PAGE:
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Sarah Palin: Former Governor, About-To-Be-Author

Friday, July 24, 2009

Alaska Governor Sarah Palin officially hands over power to Lieutenant Governor Sean Parnell on Sunday. What’s next for her and what is her legacy as Alaska's former governor? (One thing we do know: her autobiography is scheduled to come out next spring from Harper Collins.) Joining The Takeaway is Libby Casey, reporter for the Alaska Public Radio Network, to talk about Palin's legacy in Alaska, and Bernadette Malone, former editor at Sentinal, an imprint of Penguin Publishers, to talk about the autobiography.

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Baseball Hall of Fame Inducation at Cooperstown

Friday, July 24, 2009

This weekend, Cooperstown holds its induction ceremony for the Baseball Hall of Fame—days after White Sox pitcher Mark Buehrle threw a perfect game against the Tampa Bay Rays. The Takeaway talks with Dave Zirin, who writes about sports for The Nation and is author of "A People's History of Sports in the United States."

Watch the final out in Mark Buehrle's perfect game below.


Jobs, the Minimum Wage, and Unemployment Insurance

Friday, July 24, 2009

The Dow posted its highest closing since last November, topping the 9000 mark for the first time since January. And the minimum wage goes up today from $6.25 to $7.25. But some say this will create more joblessness, pushing the nation’s unemployment-insurance system into a severe and long-term test. To talk about all of this is Peter Morici, economist and business Professor at the University of Maryland, and Jason DeParle, a reporter for The New York Times.

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Just for Laughs: Montreal's Comedy Festival

Friday, July 24, 2009

Montreal, Canada, hosts the annual "Just For Laughs" festival this weekend. A swarm of comedians from around the world descends on the city for hundreds of shows. Joining The Takeaway from Montreal to talk about the festival is Steve Heisler, a contributor to The Onion's A/V club, and Andy Kindler, a writer and comedian and a veteran of the festival.

Watch a clip of Andy Kindler performing below.

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Keeping Score with the Week's News

Friday, July 24, 2009

The Takeaway is taking a look at the news scorecard for the week including Obama selling his embattled health care plan, Secretary of State Clinton taking aim at North Korea, and a Harvard professor facing down police from inside his own home. Here to help tally who's up and who’s down is friend of The Takeaway Marcus Mabry, the international business editor at The New York Times, and Reihan Salam, fellow at the New America Foundation and co-author of "Grand New Party: How Republicans Can Win the Working Class and Save the American Dream."

"Right now the Republicans don't have to do anything other than let the train wreck happen as the Democrats debate with the Democrats."
—Marcus Mabry of the New York Times on the health care debate


The Road to the Future? All About Cars

Thursday, July 23, 2009

The car industry is starting to release its second quarter profit reports. The Ford Motor Company is posting a surprise $2.8 billion profit, but it continues to have operating losses. Since its two biggest competitors, GM and Chrysler, have just emerged from bankruptcy, the report is definitely creating a mixed picture of the company's health. Globally, Hyundai has managed to post a huge profit, while luxury car brand Porsche has big changes in the works. For more we turn to Nick Bunkley, The New York Times auto industry reporter, and Russell Padmore, a BBC business correspondent.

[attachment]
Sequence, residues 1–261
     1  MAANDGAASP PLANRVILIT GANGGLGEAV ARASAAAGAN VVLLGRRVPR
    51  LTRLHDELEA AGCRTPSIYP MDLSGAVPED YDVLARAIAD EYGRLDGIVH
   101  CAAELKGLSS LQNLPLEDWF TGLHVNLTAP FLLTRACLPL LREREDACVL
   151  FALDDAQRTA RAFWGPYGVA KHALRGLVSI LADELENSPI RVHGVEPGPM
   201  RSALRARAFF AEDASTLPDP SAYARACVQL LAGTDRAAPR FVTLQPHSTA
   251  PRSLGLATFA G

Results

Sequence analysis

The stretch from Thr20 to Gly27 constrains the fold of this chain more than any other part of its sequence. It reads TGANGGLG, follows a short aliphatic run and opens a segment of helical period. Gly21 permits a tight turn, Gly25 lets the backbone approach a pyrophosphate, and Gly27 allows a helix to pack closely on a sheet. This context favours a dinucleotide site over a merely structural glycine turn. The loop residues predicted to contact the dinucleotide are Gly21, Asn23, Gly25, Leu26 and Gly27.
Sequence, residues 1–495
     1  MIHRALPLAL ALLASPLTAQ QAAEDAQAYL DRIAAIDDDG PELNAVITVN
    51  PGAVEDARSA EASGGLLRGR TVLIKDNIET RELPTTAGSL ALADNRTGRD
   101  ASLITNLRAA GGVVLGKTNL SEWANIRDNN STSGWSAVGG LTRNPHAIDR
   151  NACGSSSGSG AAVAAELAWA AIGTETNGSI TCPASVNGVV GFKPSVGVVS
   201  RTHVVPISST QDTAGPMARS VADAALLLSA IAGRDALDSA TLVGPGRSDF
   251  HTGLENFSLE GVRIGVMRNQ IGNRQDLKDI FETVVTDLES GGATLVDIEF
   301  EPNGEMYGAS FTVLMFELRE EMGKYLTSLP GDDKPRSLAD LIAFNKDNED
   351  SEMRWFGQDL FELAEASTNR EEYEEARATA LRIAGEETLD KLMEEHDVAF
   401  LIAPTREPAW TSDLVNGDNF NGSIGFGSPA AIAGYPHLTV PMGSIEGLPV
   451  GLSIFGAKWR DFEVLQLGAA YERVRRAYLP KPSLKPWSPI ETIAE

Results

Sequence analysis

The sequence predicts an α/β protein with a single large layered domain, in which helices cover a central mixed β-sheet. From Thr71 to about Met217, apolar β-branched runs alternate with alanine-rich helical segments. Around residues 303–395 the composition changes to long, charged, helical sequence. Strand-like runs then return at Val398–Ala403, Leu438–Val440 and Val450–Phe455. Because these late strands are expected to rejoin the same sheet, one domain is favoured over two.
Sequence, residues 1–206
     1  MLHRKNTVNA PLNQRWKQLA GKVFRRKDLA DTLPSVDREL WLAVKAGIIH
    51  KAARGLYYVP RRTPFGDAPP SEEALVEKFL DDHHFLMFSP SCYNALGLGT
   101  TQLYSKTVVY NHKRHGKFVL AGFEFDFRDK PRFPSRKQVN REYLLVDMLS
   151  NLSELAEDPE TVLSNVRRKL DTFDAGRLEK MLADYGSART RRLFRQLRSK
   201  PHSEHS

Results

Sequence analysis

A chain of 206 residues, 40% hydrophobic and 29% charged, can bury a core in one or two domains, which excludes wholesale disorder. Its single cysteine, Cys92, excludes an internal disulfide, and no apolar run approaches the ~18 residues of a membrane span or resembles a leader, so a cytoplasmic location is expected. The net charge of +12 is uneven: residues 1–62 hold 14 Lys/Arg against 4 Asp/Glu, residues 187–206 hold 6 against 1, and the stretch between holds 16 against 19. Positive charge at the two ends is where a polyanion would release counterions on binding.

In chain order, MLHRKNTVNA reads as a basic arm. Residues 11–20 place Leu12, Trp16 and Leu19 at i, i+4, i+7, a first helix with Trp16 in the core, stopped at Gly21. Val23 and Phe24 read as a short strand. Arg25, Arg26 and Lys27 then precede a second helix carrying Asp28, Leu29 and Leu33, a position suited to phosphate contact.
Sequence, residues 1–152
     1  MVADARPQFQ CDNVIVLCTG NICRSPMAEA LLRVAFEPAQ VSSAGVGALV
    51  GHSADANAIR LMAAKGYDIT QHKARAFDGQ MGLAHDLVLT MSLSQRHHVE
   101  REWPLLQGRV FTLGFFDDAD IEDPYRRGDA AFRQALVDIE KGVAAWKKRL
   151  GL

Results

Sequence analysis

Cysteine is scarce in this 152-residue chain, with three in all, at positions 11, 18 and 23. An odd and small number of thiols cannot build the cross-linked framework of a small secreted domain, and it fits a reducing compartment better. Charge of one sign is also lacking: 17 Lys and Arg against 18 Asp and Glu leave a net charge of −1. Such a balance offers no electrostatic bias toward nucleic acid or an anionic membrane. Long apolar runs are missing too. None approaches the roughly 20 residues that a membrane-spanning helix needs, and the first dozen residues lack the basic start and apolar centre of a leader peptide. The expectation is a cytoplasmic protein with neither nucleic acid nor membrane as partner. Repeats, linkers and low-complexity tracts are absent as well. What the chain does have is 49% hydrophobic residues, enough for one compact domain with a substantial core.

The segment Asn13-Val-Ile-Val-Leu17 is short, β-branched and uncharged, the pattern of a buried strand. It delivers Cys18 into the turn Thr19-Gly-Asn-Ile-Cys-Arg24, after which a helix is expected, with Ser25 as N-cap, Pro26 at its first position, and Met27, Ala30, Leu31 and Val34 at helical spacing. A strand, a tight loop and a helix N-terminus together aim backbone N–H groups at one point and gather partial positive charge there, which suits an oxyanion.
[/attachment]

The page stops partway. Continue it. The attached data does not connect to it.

Call the Police: Racial Profiling and the Law

Thursday, July 23, 2009

At the end of his press conference last night, President Barack Obama discussed the arrest of Harvard professor Henry Louis Gates Jr. The president said the cops "acted stupidly" in their decision to arrest the nation's preeminent African American studies scholar when he was questioned about a possible break-in at his own home. Law enforcement officers receive sensitivity training in dealing with racial profiling. So why do these incidents continue to happen? Joining The Takeaway to discuss the issue is Phillip Atiba Goff, Assistant Professor of Psychology at the University of California, Los Angeles, and Executive Director of Research for the Consortium for Police Leadership in Equity, and Rick Weger, a lieutenant in charge of training at the San Jose Police Department.

"It can be unintentional biases that people hold that cause this racially-biased policing... A vast majority of the men and women in law enforcement have no intention of being prejudiced."
—Rick Weger, a lieutenant in charge of training at the San Jose Police Department

For more, listen to The Takeaway's story, America, Still Not 'Post-Racial' and read Takeaway Contributor David Wall Rice's essay, Professor Gates Arrested? No Surprise.


Hillary Clinton and North Korea: A War of Words

Thursday, July 23, 2009

North Korea and Secretary of State Hillary Clinton have launched a war of words. In a speech in Thailand, where she is attending a regional summit, Secretary Clinton urged North Korea to renounce nuclear weapons; North Korea's official media responded by calling Clinton "an unintelligent funny lady." North Korea also announced that the six-party talks on disarmament were dead. Jill McGivering, the BBC's Asia correspondent, joins The Takeaway to explain what's at stake.

Here is more on Secretary Clinton's trip to the ASEAN summit and her call for changes in Myanmar and North Korea:


California Dreaming... of a Budget

Thursday, July 23, 2009

After weeks of budget battles and threatened cuts, the California state budget is finally up for a vote today. Or maybe tomorrow. Possibly next week. The Takeaway talks to Dan Walters, a political columnist for the Sacramento Bee, about California's continuing budget crisis.

A very tired looking Gov. Schwarzeneggar thanks people for their budget-solving suggestions in this video: